Yesterday, the USDA attaché report adjusted wheat production to 12.5 million metric tons and 14/15 corn production to 22.5 million metric tons. Both estimates for corn and wheat are 500,000 metric tons over the USDA official estimate in the January Supply and Demand report.

Wheat continues to experience selling pressure as the market looks for some signs of life in the export sector. Since the sharp run-up in wheat prices which peaked on December 26th, the market has been searching for a pickup in wheat sales that would have otherwise gone to Russia.  However, U.S. wheat has struggled to gain competitiveness in the global market with the sharp decline in the Euro and the U.S. Dollar continuing to gains strength.

In Brazil, showers are expanding in the central regions this week with the North East parts of the growing region expecting to receive precipitation by next week. Northern Brazil has experienced significant precipitation deficits over the last 30 days, with actual precipitation 61% below the average precipitation for that time period. The lack of precipitation over the month of January has led AgRural to announce last Friday it expects to cut Brazil soybean production forecasts in their February report. Soybeans bounced over 11 cents yesterday and could possibly trade higher today. Overhead resistance is around the 9.91 level.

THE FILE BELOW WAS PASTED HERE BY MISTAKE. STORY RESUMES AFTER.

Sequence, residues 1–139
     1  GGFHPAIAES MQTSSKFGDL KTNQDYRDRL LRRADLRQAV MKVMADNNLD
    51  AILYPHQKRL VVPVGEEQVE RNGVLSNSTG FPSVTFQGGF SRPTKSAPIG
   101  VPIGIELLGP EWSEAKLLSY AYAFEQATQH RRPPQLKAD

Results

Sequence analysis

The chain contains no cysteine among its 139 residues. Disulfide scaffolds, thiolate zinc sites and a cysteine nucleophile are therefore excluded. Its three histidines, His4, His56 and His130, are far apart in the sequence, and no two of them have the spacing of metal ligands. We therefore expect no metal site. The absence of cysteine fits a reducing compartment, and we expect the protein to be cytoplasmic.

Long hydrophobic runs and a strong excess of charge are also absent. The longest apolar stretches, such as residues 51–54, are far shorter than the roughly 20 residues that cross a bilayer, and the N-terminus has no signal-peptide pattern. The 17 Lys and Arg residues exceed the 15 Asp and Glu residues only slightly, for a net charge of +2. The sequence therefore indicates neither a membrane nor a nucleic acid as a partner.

January 26 – Morning Comments

In the overnight corn is trading 2 3/4 pennies lower, soybeans is down 2 3/4 cents and wheat is up 1/2 a penny after closing last week near one month lows. This weekend the Korea Feed association purchased 110,000 metric tons of corn from optional origin. Last week U.S. export sales were very strong for corn booking 2.1 million metric tons, twice the amount analysts were expecting.

AgRural said in a report issued on Friday that they plan on cutting their forecast for Brazil’s soybean production in their February report due to the dry weather which has damaged soybean development in the northern part of the country. Over the last 30 days northern Brazil has received 60% less precipitation than its average during the same period in time.

Soybeans looks to trend lower this week after falling through $9.91 which held as support since late October. After falling through $9.91 support, soybeans paused its decline but failed to trade back above that level. The price area of $9.91 which acted as support is now a firm resistance level. Considering the bearish surprise in ending stocks in the January Supply and Demand report, the disappointing NOPA crush numbers in December and the significant dip in export sales last week, soybeans may continue to feel selling pressure going forward.

Weekly Cash Comments

Cash Commentary-

Soybean futures continued to erode this week giving up 14 cents a bushel while corn found modest strength in a 3 cent advance. In the cash market, basis movements were fairly muted this week with US average corn basis gaining 1 cent a bushel while soybeans added 2 cents to the US average spot basis.

In the corn market, ethanol plants as a group were fairly quiet this week, although more strength was apparent in the Eastern Cornbelt of Indiana and Ohio where several plants boosted their spot basis by a nickel. At the Gulf, export premiums were mostly unchanged for the week and a modest drop in barge rates did little to change the overall trend of basis levels at river terminals.